We learn about characters such as Bikoffa, who makes for himself a camouflaged tree that he uses for sniping at the German lines until the side of his head is blown off - he loses one eye, then is blinded in the other and later marries a Russian Girl and become a piano tuner.

Something as simple as breaking into a collapsed property and disturbing a hen that had been trapped there creates a memory where “that disturbed and cackling ball of feathers …” “I would never have believed a farm hen could be as dangerous as a bird of prey.” (page 110).

You laugh out loud at the antics of 'Plein-de-Soupe' - easily imagined as an Oliver Hardy like character. 

You'll always remember Drupriere's pet hedgehog and the way it is described

“Its innumerable tracks - our hedgehog was always on the move - gave the impression I had found proof of a Martian invasion comprising millions of little homunculus which were invisible but on the war-path in the confusion of the Dompieurse Sector, riddled as it was with mines and countermines and creates worthy of a dead planet.” (on page 207)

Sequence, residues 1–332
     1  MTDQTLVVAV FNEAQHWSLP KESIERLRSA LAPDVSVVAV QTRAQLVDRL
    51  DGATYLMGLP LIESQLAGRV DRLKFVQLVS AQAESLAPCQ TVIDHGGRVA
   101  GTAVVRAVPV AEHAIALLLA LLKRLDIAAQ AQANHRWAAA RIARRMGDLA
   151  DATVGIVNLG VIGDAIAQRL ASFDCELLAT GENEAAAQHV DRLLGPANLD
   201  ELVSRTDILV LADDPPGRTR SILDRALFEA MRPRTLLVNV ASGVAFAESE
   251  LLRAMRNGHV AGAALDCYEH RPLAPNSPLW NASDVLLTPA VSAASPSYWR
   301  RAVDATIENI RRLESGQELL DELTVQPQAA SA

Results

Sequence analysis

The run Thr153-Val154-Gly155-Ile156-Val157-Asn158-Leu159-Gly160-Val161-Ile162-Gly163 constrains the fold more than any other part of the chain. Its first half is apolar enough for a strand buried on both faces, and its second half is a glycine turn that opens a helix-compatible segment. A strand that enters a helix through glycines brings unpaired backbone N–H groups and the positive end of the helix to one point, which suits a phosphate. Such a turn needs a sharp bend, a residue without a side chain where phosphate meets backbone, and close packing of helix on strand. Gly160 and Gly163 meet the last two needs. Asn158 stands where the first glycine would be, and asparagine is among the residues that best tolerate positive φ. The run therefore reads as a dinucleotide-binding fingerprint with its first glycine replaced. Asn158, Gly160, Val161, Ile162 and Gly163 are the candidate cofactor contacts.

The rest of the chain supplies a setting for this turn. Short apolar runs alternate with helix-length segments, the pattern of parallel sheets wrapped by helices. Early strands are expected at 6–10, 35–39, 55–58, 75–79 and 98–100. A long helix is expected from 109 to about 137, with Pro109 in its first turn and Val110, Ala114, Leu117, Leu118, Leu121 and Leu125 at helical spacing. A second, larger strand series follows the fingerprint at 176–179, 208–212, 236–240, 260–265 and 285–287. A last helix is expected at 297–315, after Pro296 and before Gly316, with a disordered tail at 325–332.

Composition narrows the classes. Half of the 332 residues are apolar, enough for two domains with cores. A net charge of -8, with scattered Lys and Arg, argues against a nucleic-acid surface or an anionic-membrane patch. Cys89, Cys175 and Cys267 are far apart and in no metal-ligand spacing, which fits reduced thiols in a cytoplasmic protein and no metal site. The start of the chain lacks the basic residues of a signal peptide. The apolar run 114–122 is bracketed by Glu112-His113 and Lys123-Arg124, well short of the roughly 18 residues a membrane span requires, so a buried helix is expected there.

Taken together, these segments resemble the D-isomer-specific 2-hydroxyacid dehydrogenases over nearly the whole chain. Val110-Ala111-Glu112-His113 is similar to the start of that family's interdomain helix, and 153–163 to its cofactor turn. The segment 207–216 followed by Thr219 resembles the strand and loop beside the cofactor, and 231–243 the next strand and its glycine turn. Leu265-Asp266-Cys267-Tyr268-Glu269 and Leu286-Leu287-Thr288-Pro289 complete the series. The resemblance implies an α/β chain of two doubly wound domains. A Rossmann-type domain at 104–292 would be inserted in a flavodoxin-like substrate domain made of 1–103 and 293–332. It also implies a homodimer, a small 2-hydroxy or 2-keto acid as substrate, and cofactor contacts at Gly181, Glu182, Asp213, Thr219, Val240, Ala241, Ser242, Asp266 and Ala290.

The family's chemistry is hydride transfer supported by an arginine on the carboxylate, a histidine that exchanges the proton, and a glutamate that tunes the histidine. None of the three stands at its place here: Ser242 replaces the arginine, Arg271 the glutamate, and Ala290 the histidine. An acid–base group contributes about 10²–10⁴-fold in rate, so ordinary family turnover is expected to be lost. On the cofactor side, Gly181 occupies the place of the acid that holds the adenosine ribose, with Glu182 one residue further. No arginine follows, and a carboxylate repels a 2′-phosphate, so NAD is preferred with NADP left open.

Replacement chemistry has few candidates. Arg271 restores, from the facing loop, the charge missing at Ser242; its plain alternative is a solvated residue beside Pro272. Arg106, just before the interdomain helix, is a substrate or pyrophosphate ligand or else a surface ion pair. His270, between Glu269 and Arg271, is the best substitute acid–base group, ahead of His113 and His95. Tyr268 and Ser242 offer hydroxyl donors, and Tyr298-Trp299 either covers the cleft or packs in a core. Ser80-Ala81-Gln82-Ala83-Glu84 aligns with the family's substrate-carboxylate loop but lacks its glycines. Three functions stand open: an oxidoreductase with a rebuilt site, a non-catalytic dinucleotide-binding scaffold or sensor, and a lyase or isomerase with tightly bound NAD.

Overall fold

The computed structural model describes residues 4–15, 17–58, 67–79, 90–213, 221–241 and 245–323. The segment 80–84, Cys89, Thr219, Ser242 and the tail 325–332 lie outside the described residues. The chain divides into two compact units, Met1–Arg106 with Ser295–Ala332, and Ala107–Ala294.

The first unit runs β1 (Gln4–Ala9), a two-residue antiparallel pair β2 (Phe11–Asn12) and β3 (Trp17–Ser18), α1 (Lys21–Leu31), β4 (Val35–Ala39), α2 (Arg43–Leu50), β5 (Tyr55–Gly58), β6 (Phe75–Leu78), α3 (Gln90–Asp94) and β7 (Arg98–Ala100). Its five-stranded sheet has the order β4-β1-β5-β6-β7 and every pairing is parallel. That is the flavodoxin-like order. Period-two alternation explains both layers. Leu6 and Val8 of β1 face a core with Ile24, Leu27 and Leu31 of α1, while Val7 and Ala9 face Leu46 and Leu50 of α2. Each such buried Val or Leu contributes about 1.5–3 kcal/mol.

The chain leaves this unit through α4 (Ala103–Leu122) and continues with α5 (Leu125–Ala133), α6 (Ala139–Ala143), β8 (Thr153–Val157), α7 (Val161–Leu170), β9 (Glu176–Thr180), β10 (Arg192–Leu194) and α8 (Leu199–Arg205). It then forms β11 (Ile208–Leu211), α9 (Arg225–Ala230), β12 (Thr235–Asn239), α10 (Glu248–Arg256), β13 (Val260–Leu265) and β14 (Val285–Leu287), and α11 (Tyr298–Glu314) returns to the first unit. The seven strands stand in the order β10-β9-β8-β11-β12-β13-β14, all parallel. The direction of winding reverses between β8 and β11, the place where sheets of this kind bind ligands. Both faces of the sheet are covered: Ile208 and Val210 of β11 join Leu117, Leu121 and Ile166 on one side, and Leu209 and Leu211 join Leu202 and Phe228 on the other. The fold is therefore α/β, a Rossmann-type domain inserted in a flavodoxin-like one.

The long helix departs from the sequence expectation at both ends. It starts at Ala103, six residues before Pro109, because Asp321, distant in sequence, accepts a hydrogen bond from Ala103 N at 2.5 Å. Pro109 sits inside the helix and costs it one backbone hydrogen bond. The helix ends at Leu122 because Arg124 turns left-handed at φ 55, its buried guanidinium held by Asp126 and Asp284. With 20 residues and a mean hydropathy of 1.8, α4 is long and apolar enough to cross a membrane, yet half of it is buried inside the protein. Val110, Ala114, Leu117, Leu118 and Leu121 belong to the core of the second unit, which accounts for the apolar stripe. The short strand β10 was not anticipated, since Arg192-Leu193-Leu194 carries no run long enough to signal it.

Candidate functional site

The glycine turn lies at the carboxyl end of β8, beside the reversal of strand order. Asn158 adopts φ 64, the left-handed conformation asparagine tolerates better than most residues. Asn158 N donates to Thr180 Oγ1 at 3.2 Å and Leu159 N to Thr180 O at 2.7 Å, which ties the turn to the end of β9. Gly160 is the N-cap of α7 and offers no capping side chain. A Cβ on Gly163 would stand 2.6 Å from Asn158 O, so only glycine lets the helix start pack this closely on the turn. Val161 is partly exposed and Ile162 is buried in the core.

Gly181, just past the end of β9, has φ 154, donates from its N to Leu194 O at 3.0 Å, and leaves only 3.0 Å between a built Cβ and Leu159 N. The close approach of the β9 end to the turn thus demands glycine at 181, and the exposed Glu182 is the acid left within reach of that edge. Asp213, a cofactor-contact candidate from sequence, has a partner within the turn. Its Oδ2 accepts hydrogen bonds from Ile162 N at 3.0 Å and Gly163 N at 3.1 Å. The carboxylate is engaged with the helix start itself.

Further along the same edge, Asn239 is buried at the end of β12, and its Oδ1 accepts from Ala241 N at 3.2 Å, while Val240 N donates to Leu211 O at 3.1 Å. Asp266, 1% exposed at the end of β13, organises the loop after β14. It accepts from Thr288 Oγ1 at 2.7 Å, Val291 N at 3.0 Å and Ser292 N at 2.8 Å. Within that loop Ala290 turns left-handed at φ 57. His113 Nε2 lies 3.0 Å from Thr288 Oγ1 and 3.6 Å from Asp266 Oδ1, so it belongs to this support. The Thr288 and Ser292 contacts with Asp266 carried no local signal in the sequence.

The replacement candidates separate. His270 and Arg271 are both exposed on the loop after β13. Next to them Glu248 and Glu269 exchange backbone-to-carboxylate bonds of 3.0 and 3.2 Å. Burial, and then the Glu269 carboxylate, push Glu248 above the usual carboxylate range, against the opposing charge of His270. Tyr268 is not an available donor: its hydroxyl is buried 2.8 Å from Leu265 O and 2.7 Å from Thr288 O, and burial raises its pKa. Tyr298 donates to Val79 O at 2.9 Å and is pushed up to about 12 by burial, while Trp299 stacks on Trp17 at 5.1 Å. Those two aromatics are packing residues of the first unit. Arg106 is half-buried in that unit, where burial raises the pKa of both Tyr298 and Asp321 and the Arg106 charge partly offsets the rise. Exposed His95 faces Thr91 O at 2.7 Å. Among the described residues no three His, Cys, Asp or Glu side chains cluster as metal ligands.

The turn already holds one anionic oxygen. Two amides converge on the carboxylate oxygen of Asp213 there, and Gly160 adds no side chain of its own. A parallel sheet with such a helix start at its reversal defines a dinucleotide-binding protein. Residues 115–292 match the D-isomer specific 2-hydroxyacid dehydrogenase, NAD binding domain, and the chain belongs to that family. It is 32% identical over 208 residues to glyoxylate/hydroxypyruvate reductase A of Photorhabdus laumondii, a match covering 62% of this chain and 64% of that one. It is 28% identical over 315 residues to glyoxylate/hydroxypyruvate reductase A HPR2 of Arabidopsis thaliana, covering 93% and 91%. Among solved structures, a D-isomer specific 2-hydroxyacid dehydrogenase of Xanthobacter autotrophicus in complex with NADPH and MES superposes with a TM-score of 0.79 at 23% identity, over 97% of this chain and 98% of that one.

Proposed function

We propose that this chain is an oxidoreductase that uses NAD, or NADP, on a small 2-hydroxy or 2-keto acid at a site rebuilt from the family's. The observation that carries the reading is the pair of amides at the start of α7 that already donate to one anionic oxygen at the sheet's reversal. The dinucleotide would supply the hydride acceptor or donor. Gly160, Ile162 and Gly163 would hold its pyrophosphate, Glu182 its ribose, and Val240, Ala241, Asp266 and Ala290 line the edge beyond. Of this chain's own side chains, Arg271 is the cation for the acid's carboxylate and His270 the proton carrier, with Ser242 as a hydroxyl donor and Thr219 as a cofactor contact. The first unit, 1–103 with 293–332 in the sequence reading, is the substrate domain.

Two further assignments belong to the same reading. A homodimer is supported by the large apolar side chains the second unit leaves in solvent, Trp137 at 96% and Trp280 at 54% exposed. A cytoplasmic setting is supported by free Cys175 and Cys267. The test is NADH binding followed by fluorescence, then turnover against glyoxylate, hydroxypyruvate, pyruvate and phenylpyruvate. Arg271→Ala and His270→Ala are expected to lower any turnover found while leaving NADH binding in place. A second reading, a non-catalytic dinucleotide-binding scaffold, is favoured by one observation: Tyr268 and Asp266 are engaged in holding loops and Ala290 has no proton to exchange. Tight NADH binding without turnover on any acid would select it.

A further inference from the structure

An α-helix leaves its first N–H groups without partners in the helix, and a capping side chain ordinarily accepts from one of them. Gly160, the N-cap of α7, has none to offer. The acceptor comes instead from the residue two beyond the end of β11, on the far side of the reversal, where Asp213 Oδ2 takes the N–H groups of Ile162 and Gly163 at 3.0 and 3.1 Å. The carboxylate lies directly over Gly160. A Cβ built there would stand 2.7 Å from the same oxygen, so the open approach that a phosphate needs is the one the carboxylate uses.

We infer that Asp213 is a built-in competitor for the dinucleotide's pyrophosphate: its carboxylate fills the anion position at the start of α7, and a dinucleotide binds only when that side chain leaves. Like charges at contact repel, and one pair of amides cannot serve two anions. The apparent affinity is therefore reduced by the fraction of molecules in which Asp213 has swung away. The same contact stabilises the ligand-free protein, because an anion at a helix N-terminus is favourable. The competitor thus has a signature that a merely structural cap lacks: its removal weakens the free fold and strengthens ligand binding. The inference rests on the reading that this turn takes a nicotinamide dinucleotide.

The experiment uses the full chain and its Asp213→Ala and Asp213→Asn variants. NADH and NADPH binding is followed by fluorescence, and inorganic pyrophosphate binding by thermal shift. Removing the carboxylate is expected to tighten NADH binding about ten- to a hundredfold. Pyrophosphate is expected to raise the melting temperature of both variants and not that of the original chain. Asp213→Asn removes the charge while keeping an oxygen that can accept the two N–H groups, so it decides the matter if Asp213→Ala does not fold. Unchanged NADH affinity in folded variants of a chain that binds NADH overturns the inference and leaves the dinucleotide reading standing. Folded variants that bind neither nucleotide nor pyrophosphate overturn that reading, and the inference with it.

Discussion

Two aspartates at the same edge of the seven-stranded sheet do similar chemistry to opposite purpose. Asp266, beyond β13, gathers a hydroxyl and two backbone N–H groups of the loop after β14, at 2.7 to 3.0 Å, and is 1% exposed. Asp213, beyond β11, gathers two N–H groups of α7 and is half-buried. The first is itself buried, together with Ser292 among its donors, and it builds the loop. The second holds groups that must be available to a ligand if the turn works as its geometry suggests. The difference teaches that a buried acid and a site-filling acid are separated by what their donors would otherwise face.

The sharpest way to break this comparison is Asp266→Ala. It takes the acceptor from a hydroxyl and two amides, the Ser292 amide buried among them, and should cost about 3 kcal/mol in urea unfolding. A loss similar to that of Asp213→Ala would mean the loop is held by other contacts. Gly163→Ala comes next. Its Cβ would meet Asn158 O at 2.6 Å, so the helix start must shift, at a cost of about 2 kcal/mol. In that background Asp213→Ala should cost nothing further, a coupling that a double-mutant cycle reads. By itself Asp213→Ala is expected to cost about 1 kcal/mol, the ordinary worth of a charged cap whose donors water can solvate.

There are numerous moments of magic, a story well told, a phrase, thought or image insightfully and skilfully constructed.

The Bloody Hand is an insight into one corner of French Regiment on the Western Front.

There is harshness too; such as when describing a friend who died head down in crap …

“One more death among the many thousands and tens of thousands! And all of them more or less preposterous. It beggars belief! I have already said it. God is absent from the battlefield. He keeps out of harm’s way. It is a disgrace.” (on page 204)

 Or when describing that dreadful phenomenon of the men left out in no man's land who called for their mothers as they died.

“And we listen out for the little instinctive cry that comes from so very deep within his anguished flesh, hoping to hear no more such horror. We fire in the direction of his voice to shut him up forever … out of pity … anger … despair … helplessness … disgust … and of love, Oh Mummy!” (on page 276)

Death … birth, So pointless. 

So Cendrars ponders in his final words in this extraordinary, worthwhile new translation of a beautiful book that requires you to own it to appreciate it.